India- Maurya Empire (321 - 180 BCE)

The ruling Nanda King insulted another man named Chanikya, and Chanikya told one of his students, Chandragupta Maurya, to curse the Nanda King, Dhana Nanda, that his Kingdom would be lost.

Years later, around 321 BCE, Chandragupta Maurya took control of Bangladesh and most of Northern India, the Nanda Empire.

He then conquered most of the surrounding countries, and by 273 BCE he had a huge empire. He even defeated the powerful Seleucid empire (One of the successors to Alexander's giant kingdom who took much of Alexander's empire by fighting against Antigonus), winning territory west of the Indus river. Seleucus could have been killed by the Mauryans but they let him go, for much territory in Iran, Uzbekistan, etc.

Chandragupta retired by 297 BCE, and his son Bindusara got the throne. Bindusara took over nearly all of Southern India, with the exception of Kalinga (Odisha) on the Eastern Coast, and the southernmost part of Deccan. He attempted to take South Deccan but failed.

In 268 BCE, after a minor struggle for the throne, Chandragupta's grandson and Bindusara's son, Ashoka, inherited the throne. He fought a bitter battle with the stubbornly audacious Kalingas. The Mauryan army of 639,000 was huge. Macedonia, the empire of Alexander the Great, had been scared away by around 298,000. To get a sense of how big that really is, take this into consideration: The extremely powerful empire of Alexander III had only 40,000! This army of 639,000 was so big that it could have taken over the whole world in a flash. Nearly all countries now have smaller armies, despite drastic population increases and much better recruition systems. The gigantic Kalinga army of 161,000 fought hard; Nevertheless, it was completely crushed. However, Ashoka said that there were too many deaths, and he became a good ruler who didn't fight to expand his empire. Because of this, he has earned the title Ashoka the Great.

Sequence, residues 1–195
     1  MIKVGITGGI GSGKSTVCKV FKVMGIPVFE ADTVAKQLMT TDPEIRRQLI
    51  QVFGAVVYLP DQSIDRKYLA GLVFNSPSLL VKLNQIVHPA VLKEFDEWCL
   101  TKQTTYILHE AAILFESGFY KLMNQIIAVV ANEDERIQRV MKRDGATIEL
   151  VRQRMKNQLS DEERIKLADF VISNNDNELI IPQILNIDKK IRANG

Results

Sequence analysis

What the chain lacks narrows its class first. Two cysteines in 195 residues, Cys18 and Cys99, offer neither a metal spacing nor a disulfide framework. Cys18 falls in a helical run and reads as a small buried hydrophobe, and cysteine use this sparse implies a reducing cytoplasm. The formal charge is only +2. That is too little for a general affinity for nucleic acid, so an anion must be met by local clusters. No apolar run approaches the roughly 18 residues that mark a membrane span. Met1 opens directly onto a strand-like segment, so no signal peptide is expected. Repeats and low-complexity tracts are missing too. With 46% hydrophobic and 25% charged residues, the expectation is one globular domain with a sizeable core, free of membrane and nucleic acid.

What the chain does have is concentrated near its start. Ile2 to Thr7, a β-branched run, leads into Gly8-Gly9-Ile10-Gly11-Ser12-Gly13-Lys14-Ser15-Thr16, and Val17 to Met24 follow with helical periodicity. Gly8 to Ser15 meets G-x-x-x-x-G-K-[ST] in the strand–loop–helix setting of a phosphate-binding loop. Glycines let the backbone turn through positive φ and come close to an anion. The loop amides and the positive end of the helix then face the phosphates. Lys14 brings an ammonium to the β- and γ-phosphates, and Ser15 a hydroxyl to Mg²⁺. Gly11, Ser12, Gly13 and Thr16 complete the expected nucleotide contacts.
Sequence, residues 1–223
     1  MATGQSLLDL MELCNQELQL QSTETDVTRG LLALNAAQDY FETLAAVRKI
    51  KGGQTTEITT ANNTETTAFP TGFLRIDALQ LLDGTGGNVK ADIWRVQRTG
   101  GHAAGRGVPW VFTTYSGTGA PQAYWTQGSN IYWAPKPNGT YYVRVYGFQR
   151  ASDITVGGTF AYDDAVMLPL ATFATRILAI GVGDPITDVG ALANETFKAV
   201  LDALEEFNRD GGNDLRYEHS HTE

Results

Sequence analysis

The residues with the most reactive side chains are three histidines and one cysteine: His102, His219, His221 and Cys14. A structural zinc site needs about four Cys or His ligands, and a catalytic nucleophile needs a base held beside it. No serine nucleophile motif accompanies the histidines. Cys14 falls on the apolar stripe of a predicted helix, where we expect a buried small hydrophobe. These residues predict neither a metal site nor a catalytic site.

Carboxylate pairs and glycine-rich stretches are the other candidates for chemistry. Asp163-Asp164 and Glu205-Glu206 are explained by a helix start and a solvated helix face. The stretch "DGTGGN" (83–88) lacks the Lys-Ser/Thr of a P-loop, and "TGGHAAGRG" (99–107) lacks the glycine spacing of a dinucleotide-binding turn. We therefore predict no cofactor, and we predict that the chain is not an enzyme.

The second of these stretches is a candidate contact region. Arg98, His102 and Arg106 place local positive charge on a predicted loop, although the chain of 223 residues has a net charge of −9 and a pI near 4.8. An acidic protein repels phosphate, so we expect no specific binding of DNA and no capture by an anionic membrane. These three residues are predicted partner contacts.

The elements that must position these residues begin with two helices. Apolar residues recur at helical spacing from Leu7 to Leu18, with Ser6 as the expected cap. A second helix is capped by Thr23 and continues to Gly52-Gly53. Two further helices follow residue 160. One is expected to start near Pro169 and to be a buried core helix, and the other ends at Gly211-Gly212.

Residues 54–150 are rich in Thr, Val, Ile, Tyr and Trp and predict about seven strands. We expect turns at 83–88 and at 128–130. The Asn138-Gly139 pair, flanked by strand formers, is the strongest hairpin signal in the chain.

Ashoka also managed to take over the entire Deccan (South India.)

However, Ashoka was not some sort of philosopher, though he visited his people daily, renounced fighting, and became a Buddhist. He used his army well; any strong invasion was treated like it might as well have not existed by Ashoka's army, same thing with rebellions.

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After Ashoka's death in 232 BCE, the Maurya Empire became weaker, losing land to the Satavahanas in the south, and in 185 BCE, following the assassination of King Brihadratha Maurya, by his general Pushyamitra Shunga, the empire collapsed, and was replaced by the rather weak Shunga empire.

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